And this morning, in a smooth sea and gentle breeze, the Horn bore almost due north of us not more than six miles away. Here we were, well abreast and reeling off westing.

"What price tobacco this morning?" I quizzed Mr. Mellaire.

"Going up," he came back. "Wish I had a thousand bets like the one with you, sir."

I glanced about at sea and sky and gauged the speed of our way by the foam, but failed to see anything that warranted his remark. It was surely fine weather, and the steward, in token of the same, was trying to catch fluttering Cape pigeons with a bent pin on a piece of thread.

For'ard, on the poop, I encountered Mr. Pike. It WAS an encounter, for his salutation was a grunt.

"Well, we're going right along," I ventured cheerily.

He made no reply, but turned and stared into the gray south-west with an expression sourer than any I had ever seen on his face. He mumbled something I failed to catch, and, on my asking him to repeat it, he said:

"It's breeding weather. Can't you see it?"

I shook my head.

"What d'ye think we're taking off the kites for?" he growled.

I looked aloft. The skysails were already furled; men were furling the royals; and the topgallant-yards were running down while clewlines and buntlines bagged the canvas. Yet, if anything, our northerly breeze fanned even more gently.

"Bless me if I can see any weather," I said.

"Then go and take a look at the barometer," he grunted, as he turned on his heel and swung away from me.

In the chart-room was Captain West, pulling on his long sea-boots. That would have told me had there been no barometer, though the barometer was eloquent enough of itself. The night before it had stood at 30.10. It was now 28.64. Even in the pampero it had not been so low as that.

"The usual Cape Horn programme," Captain West smiled to me, as he stood up in all his lean and slender gracefulness and reached for his long oilskin coat.

Still I could scarcely believe.

"Is it very far away?" I inquired.

He shook his head, and forebore in the act of speaking to lift his hand for me to listen. The Elsinore rolled uneasily, and from without came the soft and hollow thunder of sails emptying themselves against the masts and gear.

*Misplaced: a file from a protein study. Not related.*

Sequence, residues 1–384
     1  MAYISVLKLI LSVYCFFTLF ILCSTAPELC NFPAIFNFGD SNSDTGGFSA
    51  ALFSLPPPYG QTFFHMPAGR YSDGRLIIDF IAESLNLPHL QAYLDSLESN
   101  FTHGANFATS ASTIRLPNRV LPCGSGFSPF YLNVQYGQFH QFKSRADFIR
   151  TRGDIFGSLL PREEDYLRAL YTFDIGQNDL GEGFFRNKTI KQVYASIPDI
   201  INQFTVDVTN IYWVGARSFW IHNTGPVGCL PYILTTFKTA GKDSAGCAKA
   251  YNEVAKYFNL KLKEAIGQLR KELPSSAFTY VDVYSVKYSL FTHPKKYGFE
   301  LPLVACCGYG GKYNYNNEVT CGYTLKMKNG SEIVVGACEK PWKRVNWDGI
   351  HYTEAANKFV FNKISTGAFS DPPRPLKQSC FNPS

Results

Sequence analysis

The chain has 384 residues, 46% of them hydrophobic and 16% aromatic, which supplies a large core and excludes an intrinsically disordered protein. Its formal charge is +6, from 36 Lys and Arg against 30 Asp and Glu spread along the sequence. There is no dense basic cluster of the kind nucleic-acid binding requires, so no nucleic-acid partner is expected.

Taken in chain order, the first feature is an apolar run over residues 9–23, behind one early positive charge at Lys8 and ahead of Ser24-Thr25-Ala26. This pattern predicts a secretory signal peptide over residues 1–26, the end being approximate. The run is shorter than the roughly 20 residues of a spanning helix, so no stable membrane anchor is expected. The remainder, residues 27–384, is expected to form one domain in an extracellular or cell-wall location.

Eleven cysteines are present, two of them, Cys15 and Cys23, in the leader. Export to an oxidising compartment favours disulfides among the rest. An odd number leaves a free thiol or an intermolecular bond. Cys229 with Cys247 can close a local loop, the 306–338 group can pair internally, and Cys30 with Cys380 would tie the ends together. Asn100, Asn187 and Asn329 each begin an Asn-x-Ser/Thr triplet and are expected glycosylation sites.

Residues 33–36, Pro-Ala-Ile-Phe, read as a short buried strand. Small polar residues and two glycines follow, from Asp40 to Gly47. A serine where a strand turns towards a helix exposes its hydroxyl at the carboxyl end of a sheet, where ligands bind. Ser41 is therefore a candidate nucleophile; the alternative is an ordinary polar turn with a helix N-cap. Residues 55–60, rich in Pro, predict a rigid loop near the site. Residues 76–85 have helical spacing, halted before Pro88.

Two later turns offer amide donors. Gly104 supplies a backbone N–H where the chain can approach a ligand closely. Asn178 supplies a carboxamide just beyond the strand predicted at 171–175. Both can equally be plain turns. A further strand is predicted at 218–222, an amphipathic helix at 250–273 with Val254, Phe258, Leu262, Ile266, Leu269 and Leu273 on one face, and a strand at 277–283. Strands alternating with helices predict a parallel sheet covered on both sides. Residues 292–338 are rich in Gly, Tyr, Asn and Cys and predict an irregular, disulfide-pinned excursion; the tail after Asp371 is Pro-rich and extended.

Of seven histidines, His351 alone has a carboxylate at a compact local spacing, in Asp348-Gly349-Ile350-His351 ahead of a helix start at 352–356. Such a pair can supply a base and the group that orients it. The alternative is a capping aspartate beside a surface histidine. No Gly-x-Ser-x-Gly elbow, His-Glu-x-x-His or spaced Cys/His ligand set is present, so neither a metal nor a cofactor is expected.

We had chatted a bare five minutes, when again he lifted his head. This time the Elsinore heeled over slightly and remained heeled over, while the sighing whistle of a rising breeze awoke in the rigging.

"It's beginning to make," he said, in the good old Anglo-Saxon of the sea.

And then I heard Mr. Pike snarling out orders, and in my heart discovered a growing respect for Cape Horn--Cape Stiff, as the sailors call it.

An hour later we were hove to on the port tack under upper-topsails and foresail. The wind had come out of the south-west, and our leeway was setting us down upon the land. Captain West gave orders to the mate to stand by to wear ship. Both watches had been taking in sail, so that both watches were on deck for the manoeuvre.

It was astounding, the big sea that had arisen in so short a time. The wind was blowing a gale that ever, in recurring gusts, increased upon itself. Nothing was visible a hundred yards away. The day had become black-gray. In the cabin lamps were burning. The view from the poop, along the length of the great labouring ship, was magnificent. Seas burst and surged across her weather-rail and kept her deck half filled, despite the spouting ports and gushing scuppers.

On each of the two houses and on the poop the ship's complement, all in oilskins, was in groups. For'ard, Mr. Mellaire had charge. Mr. Pike took charge of the 'midship-house and the poop. Captain West strolled up and down, saw everything, said nothing; for it was the mate's affair.

When Mr. Pike ordered the wheel hard up, he slacked off all the mizzen-yards, and followed it with a partial slacking of the main- yards, so that the after-pressures were eased. The foresail and fore-lower- and-upper-topsails remained flat in order to pay the head off before the wind. All this took time. The men were slow, not strong, and without snap. They reminded me of dull oxen by the way they moved and pulled. And the gale, ever snorting harder, now snorted diabolically. Only at intervals could I glimpse the group on top the for'ard-house. Again and again, leaning to it and holding their heads down, the men on the 'midship-house were obliterated by the drive of crested seas that burst against the rail, spouted to the lower-yards, and swept in horizontal volumes across to leeward. And Mr. Pike, like an enormous spider in a wind-tossed web, went back and forth along the slender bridge that was itself a shaken thread in the blast of the storm.

So tremendous were the gusts that for the time the Elsinore refused to answer. She lay down to it; she was swept and racked by it; but her head did not pay off before it, and all the while we drove down upon that bitter, iron coast. And the world was black-gray, and violent, and very cold, with the flying spray freezing to ice in every lodgment.